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BLM Releases Draft Plan for Boardman to Hemingway Transmission Line Project jason black/iStock/Thinkstock

BLM Releases Draft Plan for Boardman to Hemingway Transmission Line Project

Idaho Power Company is proposing a new 500-kV overhead alternating current transmission line project to provide more reliable power between the Pacific Northwest and Intermountain West regions

The Bureau of Land Management (BLM) released for public comment the Draft Environmental Impact Statement (EIS) and Land-use Plan Amendments for the Boardman to Hemingway Transmission Line Project in Umatilla, Morrow, Union, Baker, and Malheur Counties, Oregon, and Owyhee County, Idaho.

Idaho Power Company is proposing a new 500-kV overhead alternating current transmission line project to provide more reliable power between the Pacific Northwest and Intermountain West regions. The new transmission line would run from an existing or proposed substation near Boardman, Oregon, approximately 300 mi to the southeast to the existing Hemingway Substation near Melba, Idaho. Construction is projected to start in 2018 with completion expected by the end of 2020.

The Boardman to Hemingway Transmission Line is one of the priority projects of the Obama Administration’s Interagency Rapid Response Team for Transmission, which aims to improve the overall quality and timeliness of the permitting process for electric transmission infrastructure. When built, these projects will help increase electric reliability, integrate new renewable energy into the grid, and save consumers money. The Boardman to Hemingway Line is also a pilot project for the Pacific Northwest Regional Infrastructure team, which Interior Secretary Sally Jewell announced in May 2013, that was specifically convened to enhance the partnership between state and federal agencies in Oregon, Washington, and Idaho to better align transmission, renewable energy, and other infrastructure siting and permitting processes. This inter-governmental team provides a forum for federal and state agencies in the region to advance common energy- related infrastructure development goals.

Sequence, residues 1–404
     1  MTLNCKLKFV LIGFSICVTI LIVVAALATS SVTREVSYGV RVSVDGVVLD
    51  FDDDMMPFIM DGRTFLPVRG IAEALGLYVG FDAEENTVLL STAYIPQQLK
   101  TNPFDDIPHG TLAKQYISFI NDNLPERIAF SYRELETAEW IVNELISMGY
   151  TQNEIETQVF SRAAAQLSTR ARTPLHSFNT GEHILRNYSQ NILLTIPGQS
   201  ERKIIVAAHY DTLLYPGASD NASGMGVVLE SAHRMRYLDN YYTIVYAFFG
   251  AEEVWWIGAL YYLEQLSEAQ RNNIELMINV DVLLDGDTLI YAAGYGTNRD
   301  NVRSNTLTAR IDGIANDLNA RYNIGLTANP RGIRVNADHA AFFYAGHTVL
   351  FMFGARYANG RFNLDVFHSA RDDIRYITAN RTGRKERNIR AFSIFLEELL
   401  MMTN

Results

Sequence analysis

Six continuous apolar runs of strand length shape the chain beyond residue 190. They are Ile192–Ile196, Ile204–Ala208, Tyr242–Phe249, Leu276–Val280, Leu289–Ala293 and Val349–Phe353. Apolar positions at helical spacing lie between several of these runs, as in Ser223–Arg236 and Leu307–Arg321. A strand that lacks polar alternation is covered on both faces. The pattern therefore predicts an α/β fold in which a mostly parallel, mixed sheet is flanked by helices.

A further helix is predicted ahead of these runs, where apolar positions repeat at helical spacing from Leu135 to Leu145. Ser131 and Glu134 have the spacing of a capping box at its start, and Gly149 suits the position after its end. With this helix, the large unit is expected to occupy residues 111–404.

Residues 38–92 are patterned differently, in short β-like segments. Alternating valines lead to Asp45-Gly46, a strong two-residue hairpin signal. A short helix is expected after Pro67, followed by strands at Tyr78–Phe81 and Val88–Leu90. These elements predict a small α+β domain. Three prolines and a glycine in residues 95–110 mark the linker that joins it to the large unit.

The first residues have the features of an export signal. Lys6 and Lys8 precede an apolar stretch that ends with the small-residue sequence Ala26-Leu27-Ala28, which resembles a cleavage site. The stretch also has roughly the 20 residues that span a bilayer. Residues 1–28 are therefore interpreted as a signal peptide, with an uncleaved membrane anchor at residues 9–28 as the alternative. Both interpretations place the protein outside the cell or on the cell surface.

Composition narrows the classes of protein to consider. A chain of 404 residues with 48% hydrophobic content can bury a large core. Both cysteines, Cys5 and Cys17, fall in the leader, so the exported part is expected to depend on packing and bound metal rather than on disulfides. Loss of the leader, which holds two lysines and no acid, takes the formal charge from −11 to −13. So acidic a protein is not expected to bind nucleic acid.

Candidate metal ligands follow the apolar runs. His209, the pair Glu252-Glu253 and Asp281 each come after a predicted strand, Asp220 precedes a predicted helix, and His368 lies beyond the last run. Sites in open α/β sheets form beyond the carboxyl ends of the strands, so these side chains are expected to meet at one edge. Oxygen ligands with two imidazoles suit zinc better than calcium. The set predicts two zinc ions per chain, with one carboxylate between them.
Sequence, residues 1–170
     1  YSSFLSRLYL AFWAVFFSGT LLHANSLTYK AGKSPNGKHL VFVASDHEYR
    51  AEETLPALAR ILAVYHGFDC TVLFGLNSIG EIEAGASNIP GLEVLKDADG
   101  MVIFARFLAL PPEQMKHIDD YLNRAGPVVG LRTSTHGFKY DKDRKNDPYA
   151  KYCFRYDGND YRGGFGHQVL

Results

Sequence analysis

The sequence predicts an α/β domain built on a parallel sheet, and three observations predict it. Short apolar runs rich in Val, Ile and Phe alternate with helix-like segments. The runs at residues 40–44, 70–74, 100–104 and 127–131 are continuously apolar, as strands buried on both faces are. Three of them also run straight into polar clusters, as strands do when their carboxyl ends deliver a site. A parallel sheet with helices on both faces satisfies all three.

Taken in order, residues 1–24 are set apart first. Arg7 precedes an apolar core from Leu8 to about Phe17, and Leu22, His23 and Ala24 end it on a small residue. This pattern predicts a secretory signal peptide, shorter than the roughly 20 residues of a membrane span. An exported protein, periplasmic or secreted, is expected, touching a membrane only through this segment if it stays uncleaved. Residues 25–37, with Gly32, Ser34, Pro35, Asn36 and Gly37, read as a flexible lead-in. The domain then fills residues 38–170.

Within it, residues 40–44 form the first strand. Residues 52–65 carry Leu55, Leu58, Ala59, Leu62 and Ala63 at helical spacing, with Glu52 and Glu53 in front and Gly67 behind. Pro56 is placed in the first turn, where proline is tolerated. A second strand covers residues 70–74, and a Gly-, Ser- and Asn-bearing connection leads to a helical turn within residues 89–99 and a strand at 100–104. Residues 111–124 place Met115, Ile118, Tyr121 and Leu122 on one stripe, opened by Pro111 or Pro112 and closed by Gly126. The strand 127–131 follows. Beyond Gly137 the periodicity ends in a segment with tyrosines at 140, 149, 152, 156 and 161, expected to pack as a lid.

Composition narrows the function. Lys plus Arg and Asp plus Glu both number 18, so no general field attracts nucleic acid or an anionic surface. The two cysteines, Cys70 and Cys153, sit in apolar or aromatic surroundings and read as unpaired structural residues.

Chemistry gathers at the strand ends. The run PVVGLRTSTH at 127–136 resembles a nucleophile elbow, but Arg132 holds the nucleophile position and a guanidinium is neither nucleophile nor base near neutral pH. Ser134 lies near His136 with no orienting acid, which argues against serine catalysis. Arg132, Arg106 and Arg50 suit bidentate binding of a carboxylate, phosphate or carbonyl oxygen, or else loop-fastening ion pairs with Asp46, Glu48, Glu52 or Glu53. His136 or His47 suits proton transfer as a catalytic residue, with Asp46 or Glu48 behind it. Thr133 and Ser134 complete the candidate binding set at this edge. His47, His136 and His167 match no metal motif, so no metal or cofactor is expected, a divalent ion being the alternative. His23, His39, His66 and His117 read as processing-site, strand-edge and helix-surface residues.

“By conducting concurrent state and federal reviews, we can move these types of critical infrastructure projects forward in a more efficient manner that trims months, if not years, off the time it takes to complete the necessary reviews,” said BLM Oregon/Washington State Director Jerry Perez. “We will continue to ensure that vital infrastructure is designed, built and maintained in a way that protects public health, safety and the environment, while creating jobs and expediting economic growth,” continued Perez.

The preferred alternative identified in the EIS largely follows the applicant’s proposed route but does vary in a few key locations. Due to land ownership in eastern Oregon and southwestern Idaho, approximately 33 percent of this project is located on public land (BLM, US Forest Service and Bureau of Reclamation) with 67 percent located on private and state land. The underlying BLM decision would grant a Right of Way for those portions of the transmission line crossing public lands.

The design of the project and the development of project design features followed the standard hierarchy for mitigation and included avoidance, minimization and rehabilitation/restoration measures to ensure the Project’s conformance with federal and state regulatory requirements. To offset residual effects, the developer will be required to include a compensatory habitat mitigation plan in the final plan of development, before issuance of a notice to proceed for any surface disturbing activities associated with the project.

Additionally, the Biological Resources Task Group, composed of project stakeholders, has developed a Sage-grouse Mitigation Blueprint and a draft Compensatory Habitat Mitigation Framework to guide the development of a Compensatory Habitat Mitigation Plan, which the agencies must review and approve prior to any Notice to Proceed for the project.

The BLM is the lead federal agency for the National Environmental Policy Act review process for the project. Cooperating agencies that assisted in the preparation of the Draft EIS are the Bonneville Power Administration, U.S. Army Corps of Engineers, U.S. Bureau of Reclamation, U.S. Environmental Protection Agency, U.S. Fish and Wildlife Service, U.S. Forest Service, U.S. Air Force, U.S. Navy, State of Idaho, Oregon Department of Energy, Oregon Department of Fish and Wildlife, Baker, Canyon, Malheur, Morrow, Payette, Umatilla, Union, and Washington counties in Oregon, cities of Boardman, Oregon, and Parma, Idaho, Owyhee Irrigation District, and the Joint Committee of the Owyhee Project.

Public Review Period: The public has until March 19, 2015, to review and comment on the Draft EIS. The 90-day public comment period began on December 19, 2014, and ends on March 19, 2015. The Draft EIS is available for review online at: www.boardmantohemingway.com

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